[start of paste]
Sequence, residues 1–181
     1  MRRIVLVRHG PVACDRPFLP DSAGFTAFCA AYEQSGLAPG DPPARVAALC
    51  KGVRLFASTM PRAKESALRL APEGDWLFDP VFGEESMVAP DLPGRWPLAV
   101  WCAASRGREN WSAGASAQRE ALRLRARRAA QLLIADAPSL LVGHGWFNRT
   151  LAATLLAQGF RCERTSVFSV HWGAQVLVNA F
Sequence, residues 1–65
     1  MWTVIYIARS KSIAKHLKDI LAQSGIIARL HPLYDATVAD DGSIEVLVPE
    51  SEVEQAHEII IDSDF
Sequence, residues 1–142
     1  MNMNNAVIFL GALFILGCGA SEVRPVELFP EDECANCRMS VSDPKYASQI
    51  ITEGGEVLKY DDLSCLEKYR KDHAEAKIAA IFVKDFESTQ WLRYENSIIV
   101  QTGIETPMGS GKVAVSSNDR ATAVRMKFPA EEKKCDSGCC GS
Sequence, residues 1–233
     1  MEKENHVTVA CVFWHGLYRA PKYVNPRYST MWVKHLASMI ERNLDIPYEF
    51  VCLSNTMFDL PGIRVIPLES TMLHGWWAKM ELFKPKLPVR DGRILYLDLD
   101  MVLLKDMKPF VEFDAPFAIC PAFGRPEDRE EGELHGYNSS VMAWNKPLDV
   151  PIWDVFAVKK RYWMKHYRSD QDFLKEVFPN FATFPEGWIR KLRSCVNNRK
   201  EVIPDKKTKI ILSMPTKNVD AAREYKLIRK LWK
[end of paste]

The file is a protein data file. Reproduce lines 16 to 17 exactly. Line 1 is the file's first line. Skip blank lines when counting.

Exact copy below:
   101  MVLLKDMKPF VEFDAPFAIC PAFGRPEDRE EGELHGYNSS VMAWNKPLDV
   151  PIWDVFAVKK RYWMKHYRSD QDFLKEVFPN FATFPEGWIR KLRSCVNNRK